November 20, 2017
1 min read

Arthroscopic glenoid resurfacing with allograft seen as safe for joint preservation in select patients

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At the short-term to midterm follow-up, investigators found arthroscopic glenoid resurfacing with an interpositional human dermal allograft was a safe option that offered pain relief in select patients and the rate of revision to prosthetic arthroplasty was acceptable.

Robert U. Hartzler

“Our study revealed that for patients with severe arthritis who are poor candidates for a shoulder replacement (usually young and active), an all-arthroscopic, joint-preserving surgical option exists that can provide good pain relief comparable to a total shoulder,” study co-author Robert U. Hartzler, MD, told “With this arthroscopic interpositional arthroplasty, about three-fourths of our patients were able to avoid a shoulder replacement at average 5-year follow-up.”

Researchers performed a multicenter retrospective review of 46 shoulders in 45 patients who underwent arthroscopic glenoid resurfacing for severe glenohumeral arthritis. The minimum follow-up was 2 years or until revision. Outcome measures included pain score, American Shoulder and Elbow Surgeons score, subjective shoulder value and range of motion.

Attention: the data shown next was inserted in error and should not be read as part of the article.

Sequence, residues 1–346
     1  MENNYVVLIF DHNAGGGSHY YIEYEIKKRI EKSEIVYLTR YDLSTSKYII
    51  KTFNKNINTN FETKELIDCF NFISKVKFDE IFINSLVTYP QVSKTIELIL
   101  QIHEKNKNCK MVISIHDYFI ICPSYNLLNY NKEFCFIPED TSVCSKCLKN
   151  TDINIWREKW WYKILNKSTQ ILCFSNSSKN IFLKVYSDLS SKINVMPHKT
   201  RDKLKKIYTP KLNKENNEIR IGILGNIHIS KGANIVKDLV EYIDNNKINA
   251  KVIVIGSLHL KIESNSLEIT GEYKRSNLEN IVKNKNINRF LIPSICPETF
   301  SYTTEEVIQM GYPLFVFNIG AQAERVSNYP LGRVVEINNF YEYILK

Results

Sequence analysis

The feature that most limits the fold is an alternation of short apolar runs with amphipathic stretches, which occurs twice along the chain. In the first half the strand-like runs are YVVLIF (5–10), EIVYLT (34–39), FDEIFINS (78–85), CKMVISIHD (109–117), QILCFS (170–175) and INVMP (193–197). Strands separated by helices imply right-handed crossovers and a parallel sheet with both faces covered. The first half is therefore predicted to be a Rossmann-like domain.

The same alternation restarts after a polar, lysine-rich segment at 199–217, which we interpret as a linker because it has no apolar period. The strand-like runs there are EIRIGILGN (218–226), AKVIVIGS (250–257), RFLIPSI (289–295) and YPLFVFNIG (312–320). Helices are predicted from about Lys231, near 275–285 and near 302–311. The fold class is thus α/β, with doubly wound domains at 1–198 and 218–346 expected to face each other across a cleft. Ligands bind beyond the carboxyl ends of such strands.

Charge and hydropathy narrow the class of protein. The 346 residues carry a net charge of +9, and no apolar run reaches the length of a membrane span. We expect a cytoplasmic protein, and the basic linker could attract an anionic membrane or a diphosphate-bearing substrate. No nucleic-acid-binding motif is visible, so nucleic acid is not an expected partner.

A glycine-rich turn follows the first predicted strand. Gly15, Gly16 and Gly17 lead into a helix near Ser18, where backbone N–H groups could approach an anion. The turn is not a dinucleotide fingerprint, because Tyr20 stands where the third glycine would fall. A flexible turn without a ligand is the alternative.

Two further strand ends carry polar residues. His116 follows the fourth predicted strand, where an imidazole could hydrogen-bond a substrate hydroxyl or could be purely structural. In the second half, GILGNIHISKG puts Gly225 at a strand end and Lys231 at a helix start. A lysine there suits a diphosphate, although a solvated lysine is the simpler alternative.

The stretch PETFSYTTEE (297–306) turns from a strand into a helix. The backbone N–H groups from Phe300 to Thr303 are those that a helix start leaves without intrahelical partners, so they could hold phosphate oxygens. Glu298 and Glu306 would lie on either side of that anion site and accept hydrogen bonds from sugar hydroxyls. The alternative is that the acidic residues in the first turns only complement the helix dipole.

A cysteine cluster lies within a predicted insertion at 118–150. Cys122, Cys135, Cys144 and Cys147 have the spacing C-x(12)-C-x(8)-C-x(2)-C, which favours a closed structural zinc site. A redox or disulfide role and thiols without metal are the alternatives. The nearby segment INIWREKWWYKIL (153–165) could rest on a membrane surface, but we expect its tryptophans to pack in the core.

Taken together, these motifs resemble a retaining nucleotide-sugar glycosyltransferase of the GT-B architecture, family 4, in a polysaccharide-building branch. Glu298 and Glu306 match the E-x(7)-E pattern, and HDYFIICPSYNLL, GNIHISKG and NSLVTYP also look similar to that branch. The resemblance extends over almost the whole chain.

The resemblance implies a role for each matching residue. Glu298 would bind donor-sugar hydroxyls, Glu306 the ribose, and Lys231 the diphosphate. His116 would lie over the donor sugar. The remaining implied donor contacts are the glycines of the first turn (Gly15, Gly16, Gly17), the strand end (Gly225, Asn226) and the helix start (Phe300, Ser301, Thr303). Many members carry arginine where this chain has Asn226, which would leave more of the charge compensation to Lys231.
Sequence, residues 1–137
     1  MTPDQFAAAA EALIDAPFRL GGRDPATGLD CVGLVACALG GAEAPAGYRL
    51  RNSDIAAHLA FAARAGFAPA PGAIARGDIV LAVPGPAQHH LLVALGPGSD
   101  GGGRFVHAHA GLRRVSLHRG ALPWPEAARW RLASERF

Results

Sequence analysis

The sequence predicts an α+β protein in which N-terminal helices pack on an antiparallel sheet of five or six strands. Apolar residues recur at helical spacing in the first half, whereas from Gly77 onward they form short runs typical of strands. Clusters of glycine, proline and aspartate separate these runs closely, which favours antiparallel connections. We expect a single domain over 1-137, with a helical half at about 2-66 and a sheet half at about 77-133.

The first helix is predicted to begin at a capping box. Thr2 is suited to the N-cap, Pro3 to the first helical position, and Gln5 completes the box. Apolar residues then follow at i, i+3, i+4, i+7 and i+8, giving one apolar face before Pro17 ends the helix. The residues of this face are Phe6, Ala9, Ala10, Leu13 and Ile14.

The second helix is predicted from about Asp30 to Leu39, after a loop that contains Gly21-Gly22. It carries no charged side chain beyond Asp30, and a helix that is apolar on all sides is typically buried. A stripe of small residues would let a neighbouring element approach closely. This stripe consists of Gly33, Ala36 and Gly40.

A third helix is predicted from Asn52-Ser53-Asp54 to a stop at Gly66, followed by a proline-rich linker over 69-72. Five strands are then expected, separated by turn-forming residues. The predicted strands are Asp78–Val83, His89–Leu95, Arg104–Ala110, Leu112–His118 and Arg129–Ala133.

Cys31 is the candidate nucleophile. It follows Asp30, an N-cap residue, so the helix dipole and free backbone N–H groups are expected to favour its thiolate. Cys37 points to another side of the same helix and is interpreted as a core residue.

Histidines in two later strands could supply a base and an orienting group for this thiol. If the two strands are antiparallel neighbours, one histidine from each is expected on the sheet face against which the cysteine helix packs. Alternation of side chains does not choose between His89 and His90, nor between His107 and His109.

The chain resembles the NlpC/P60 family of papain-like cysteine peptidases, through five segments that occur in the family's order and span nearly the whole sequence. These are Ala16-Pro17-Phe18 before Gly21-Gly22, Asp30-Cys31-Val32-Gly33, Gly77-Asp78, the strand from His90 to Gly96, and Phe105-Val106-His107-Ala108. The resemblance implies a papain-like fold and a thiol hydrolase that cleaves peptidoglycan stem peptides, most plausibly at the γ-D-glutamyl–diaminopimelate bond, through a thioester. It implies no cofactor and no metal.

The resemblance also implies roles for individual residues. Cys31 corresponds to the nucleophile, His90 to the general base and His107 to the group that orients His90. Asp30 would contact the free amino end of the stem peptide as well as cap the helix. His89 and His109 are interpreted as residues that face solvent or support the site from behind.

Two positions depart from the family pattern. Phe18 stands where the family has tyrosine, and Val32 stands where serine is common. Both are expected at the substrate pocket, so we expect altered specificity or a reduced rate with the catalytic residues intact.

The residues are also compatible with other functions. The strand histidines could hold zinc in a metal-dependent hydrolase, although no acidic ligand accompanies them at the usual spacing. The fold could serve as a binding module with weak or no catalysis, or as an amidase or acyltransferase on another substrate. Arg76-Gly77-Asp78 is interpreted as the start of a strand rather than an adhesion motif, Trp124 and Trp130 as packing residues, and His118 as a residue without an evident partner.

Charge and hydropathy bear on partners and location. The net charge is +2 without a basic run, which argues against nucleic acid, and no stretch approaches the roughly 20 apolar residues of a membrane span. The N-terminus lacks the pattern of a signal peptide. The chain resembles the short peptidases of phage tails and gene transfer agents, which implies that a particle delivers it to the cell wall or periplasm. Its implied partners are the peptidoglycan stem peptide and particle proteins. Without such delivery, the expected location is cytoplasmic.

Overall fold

Results showed after a mean of 45 months, the revision rate to prosthetic arthroplasty was 23%. Investigators noted VAS pain score went from a median of 7 to 2. There were improvements seen in the median ASES score, active forward elevation and active external rotation.

According to researchers, the mean age of revised shoulders was higher than the age of the surviving shoulders. The revised shoulders vs. the surviving shoulders had a lower preoperative ASES score. There were no complications reported. – by Monica Jaramillo


Disclosures: The authors report no relevant financial disclosures.